Precalculus (6th Edition) Blitzer

Published by Pearson
ISBN 10: 0-13446-914-3
ISBN 13: 978-0-13446-914-0

Chapter 10 - Section 10.7 - Probability - Exercise Set - Page 1121: 75


a. see explanations. b. $0.99$ c. $0.01$ d. $0.41$ e. $23 $

Work Step by Step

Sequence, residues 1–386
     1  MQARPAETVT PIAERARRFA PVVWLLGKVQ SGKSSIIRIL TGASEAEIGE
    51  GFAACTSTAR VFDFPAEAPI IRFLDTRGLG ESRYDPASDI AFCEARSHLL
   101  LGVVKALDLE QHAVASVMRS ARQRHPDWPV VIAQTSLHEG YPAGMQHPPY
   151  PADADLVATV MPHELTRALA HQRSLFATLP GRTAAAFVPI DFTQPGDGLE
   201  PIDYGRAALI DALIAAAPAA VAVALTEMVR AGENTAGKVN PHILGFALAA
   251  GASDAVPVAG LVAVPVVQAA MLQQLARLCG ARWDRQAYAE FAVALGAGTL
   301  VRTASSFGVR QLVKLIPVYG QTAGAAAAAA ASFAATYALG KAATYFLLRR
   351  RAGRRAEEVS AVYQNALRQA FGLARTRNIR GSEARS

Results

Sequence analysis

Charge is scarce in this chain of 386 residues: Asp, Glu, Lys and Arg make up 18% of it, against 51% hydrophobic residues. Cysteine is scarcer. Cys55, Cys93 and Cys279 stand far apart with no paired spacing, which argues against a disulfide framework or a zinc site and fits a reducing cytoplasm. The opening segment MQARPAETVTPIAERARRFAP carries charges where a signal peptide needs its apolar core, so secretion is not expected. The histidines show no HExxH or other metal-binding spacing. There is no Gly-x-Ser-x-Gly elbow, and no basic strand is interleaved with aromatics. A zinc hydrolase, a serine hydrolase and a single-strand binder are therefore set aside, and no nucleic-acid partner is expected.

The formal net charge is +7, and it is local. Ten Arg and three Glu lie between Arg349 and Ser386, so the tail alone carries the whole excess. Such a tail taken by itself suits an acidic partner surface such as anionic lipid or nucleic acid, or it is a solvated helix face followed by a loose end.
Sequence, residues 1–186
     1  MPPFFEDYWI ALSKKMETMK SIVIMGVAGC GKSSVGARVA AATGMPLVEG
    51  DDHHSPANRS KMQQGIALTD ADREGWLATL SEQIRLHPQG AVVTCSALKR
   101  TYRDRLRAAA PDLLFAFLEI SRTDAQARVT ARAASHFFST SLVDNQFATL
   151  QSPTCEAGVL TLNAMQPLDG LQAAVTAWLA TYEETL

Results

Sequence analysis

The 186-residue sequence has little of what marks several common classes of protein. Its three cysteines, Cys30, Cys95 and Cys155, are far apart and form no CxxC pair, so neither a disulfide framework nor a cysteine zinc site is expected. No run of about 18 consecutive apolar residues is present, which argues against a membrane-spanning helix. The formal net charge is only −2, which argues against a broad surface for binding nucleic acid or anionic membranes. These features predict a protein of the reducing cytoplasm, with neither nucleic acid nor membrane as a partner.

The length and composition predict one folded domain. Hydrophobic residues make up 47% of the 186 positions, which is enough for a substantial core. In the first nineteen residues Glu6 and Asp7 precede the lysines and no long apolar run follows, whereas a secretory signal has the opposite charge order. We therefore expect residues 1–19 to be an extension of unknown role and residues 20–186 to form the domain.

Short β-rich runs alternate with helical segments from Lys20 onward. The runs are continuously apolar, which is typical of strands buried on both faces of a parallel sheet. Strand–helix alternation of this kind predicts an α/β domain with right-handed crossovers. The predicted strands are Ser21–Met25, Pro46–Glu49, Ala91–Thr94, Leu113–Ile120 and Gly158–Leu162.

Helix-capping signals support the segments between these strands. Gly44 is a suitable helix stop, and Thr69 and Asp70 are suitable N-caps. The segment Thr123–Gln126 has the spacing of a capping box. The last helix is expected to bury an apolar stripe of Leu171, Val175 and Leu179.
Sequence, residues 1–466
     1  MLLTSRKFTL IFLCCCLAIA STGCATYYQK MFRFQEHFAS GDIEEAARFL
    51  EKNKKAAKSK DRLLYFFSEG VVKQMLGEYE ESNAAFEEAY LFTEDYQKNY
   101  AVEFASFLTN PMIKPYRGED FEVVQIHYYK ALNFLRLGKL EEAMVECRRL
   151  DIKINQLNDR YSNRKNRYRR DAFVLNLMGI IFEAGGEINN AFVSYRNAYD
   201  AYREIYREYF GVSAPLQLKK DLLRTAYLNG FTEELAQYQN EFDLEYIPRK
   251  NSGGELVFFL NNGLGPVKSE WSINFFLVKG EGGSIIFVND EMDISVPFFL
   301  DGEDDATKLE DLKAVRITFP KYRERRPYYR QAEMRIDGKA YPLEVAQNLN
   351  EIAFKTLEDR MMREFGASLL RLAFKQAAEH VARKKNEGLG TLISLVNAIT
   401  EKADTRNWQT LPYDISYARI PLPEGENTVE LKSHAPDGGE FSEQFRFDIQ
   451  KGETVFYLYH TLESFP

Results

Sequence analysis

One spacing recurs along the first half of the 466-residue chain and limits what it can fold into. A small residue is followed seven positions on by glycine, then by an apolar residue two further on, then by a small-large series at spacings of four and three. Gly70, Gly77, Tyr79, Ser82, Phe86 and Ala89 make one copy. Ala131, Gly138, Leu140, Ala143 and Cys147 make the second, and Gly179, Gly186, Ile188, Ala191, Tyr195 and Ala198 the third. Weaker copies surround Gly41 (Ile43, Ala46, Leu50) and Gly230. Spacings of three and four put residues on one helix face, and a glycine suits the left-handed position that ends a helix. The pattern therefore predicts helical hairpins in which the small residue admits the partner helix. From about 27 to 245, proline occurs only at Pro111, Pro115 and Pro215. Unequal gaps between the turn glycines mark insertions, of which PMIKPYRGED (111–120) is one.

a. Imagine the process of choosing two birthdays. The first choice can be any day; that is, $p_1=1=\frac{365}{365}$. The second choice can be any day but the day of the first choice; that is, $p_2=\frac{364}{365}$. Thus, the probability that they do not have the same birthday is $\frac{365}{365}\times\frac{364}{365}$. b. Using the similar argument in part-(a), we have $p=\frac{365}{365}\times\frac{364}{365}\times\frac{363}{365}\approx0.99$ c. This should be the complement of part-(b); thus $p'=1-0.99=0.01$ d. First find the probability that all 20 people have different birthdays $p=\frac{365}{365}\times\frac{364}{365}\times\frac{363}{365}\times\frac{346}{365}\approx0.59$ Then, the complement is $p'=1-p=0.41$ e. We need $p'\geq 0.5$ or $p\leq 0.5$. Start from 20, increase the number of people and test until 23. We have $p=\frac{365}{365}\times\frac{364}{365}\times\frac{363}{365}\times\frac{343}{365}\approx0.49$ and $p'=1-p=0.51$ That is, we need 23 or more people.
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